Greater Toronto Area sets record for new high-rise unit sales in 2016

Greater Toronto Area sets record for new high-rise unit sales in 2016

Greater Toronto Area sets record for new high-rise unit sales in 2016 The market for new high-rise units in the Greater Toronto Area (GTA) remained red-hot in 2016, as the region the saw the most number of such units sold than any previous year on record.

There were 29,186 new-high rise units sold across the GTA last year, the Building Industry and Land Development Association (BILD) announced. This marked a 12.2% surge over 2015.

The average size of a condo suite in the GTA grew to 826 square feet last month while the average price per square foot increased to $614. A year ago the average price per square foot was $584 while the size of an average suite was 775sq ft.

The GTA refers to Toronto and the three regional municipalities that surround it: Durham, Halton, Peel, and York. About a quarter of Canada’s population lives there. The area generates some 20% of Canada’s GDP and is home to 40% of the country’s business headquarters, said public-private partnership group Greater Toronto Marketing Alliance. 

Prices for new high-rise homes in the GTA also reached an all-time high last year, BILD said – citing figures from its official source Altus.  

The low-rise unit market saw an annualized decline is sales – but not for lack of demand. Altus executive vice president for research and consulting services Patricia Arsenault said the dip was due to “the lack of product available for purchase.”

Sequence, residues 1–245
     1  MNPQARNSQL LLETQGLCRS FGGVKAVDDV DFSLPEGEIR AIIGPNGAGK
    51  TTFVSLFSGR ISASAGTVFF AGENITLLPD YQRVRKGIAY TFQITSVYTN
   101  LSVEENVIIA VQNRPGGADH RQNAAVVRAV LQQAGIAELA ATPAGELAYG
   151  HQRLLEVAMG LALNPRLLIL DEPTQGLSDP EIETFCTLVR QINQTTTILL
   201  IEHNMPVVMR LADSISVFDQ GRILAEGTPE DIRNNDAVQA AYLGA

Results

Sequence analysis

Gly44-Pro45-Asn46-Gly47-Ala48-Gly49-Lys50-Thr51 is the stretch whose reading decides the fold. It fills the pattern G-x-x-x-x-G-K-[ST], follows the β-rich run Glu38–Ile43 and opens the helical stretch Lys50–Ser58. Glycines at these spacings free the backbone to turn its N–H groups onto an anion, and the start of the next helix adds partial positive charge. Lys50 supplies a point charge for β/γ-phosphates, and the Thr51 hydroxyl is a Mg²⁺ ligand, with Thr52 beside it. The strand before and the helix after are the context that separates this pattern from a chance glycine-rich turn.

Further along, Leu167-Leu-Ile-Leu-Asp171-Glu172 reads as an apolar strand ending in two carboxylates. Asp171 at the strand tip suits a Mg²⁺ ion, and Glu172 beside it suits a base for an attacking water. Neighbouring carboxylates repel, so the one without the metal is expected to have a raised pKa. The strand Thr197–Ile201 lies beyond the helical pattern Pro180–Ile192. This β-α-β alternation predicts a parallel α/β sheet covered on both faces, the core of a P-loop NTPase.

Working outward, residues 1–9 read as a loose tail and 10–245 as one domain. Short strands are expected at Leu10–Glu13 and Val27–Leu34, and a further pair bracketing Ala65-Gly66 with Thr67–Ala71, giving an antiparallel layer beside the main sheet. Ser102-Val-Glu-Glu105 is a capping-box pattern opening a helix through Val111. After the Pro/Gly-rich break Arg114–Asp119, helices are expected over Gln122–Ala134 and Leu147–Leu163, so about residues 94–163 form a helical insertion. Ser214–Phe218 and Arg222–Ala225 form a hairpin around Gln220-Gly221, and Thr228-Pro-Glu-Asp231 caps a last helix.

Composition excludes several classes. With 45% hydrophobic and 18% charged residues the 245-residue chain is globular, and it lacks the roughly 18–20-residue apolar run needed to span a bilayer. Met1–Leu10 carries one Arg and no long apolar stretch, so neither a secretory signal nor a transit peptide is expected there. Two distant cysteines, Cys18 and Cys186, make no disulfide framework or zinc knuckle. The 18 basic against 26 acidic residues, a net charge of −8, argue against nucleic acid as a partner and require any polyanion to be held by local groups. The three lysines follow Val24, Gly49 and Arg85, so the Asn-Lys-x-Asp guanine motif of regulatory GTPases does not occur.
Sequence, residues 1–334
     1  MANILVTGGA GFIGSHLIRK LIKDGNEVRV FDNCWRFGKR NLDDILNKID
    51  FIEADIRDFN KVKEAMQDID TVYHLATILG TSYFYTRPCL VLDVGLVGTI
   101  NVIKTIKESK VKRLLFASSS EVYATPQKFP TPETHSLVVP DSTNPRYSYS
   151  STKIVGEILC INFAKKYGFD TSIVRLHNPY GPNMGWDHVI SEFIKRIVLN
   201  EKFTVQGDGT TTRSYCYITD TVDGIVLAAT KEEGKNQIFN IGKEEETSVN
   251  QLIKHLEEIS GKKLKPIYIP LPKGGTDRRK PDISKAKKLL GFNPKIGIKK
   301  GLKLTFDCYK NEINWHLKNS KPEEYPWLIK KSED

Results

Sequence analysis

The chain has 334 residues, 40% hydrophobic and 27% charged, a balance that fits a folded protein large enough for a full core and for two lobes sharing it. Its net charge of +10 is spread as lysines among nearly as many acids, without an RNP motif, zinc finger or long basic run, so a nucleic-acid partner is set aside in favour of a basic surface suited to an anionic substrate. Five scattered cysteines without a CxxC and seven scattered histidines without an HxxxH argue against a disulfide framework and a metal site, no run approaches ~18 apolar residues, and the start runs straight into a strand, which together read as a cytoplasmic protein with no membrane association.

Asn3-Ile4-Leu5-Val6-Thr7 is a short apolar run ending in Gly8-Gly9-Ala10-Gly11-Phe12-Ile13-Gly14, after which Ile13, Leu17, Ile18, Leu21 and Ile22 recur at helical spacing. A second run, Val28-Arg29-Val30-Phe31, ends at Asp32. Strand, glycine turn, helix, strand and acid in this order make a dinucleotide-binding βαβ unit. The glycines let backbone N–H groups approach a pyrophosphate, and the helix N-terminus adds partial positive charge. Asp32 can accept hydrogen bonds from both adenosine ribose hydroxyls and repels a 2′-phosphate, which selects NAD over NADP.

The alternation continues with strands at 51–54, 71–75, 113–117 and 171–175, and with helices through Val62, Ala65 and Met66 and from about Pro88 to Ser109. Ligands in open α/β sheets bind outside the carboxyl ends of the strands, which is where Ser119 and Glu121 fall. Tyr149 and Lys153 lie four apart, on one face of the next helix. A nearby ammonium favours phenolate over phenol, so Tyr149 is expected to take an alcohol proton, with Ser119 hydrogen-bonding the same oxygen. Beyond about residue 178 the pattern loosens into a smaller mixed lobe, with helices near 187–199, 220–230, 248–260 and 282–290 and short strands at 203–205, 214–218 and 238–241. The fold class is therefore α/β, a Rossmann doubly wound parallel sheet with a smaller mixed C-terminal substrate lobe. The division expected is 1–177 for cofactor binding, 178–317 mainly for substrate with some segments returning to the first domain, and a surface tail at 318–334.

“The fact that new product is being quickly absorbed, despite rising prices, shows there is continued buyer interest in purchasing new ground-oriented homes in the GTA,” she added.

Last December, prices for all new homes in the GTA rose to record highs as the number of homes available to buyers in builders’ inventory sunk to record lows, BILD said. There were 13,670 new homes available for purchase, less than half of the 30,400 homes that were available in builders’ inventories a decade ago.

“We have a shortage of housing supply in the GTA that is approaching crisis levels,” said BILD President and CEO Bryan Tuckey. “Housing is selling as quickly as the industry can bring it to market and the lack of developable land that is serviced with infrastructure, excessive red tape, out-of-date zoning and NIMBYism are hindering our ability to bring more to the market.”

 
December Low-Rise High-Rise Total
2014 2015 2016 2014 2015 2016 2014 2015 2016
Durham 153 94 75 37 45 47 190 139 122
Halton 53 84 50 75 43 48 128 127 98
Peel 215 197 119 59 67 89 274 264 208
Toronto 82 17 30 678 1,040 1,408 760 1,057 1,438
York 520 226 278 88 152 344 608 378 622
GTA 1,023 618 552 937 1,347 1,936 1,960 1,965 2,488
Jan-Dec 18,005 19,552 17,975 21,908 22,484 29,186 39,913 42,036 47,161


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